(MENAFN) The International Monetary Fund (IMF) stated that oil-exporting countries in the Gulf Cooperation Council (GCC) should cut expenditure to maintain fiscal surpluses, reported Arabian Business.
Total spending by the GCC governments grew by 20 percent in dollar terms last year, as the political, economic and social upheaval in the Middle East has prompted countries to boost expenditure.
According to the IMF's estimates, combined fiscal surplus of the GCC was at 13 percent of gross domestic product (GDP) in the period, and is forecasted to remain around that level in 2012.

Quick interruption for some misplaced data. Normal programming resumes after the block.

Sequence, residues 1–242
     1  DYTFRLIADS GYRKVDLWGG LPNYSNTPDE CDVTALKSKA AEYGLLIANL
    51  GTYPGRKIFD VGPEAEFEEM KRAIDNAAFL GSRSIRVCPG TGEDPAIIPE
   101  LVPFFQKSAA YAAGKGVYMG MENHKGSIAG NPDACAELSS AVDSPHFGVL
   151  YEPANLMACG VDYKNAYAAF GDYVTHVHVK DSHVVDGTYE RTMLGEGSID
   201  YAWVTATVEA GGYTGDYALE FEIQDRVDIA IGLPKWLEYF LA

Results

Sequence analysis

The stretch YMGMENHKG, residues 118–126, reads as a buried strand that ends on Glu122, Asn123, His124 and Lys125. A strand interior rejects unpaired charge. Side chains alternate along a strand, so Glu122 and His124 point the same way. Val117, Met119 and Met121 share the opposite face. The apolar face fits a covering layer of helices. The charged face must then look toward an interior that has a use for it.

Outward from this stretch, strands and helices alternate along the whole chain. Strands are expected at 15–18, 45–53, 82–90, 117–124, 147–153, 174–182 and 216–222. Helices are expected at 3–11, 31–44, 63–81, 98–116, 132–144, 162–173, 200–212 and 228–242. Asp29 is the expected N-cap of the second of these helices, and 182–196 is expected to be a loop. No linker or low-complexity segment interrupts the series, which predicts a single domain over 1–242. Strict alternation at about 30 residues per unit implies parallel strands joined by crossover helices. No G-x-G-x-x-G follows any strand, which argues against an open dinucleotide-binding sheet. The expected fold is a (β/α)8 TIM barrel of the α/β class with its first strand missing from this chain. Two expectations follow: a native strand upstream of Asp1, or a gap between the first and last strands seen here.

If these governments continue to increase spending, fiscal and external surpluses are, with unchanged policies, expected to drop next year and beyond, whereas the combined fiscal surplus would turn to deficit around 2017.
By 2017, the GCC's joint, public external assets are forecasted to surpass USD3 trillion under the baseline scenario, however, in the downside scenario, assets would be USD2.2 trillion, but still above an expected USD1.9 trillion at the end of the current year.
It is worth noting that in the first quarter of 2012, European bank claims on the GCC reached USD220 billion, out of USD328 billion for all foreign banks.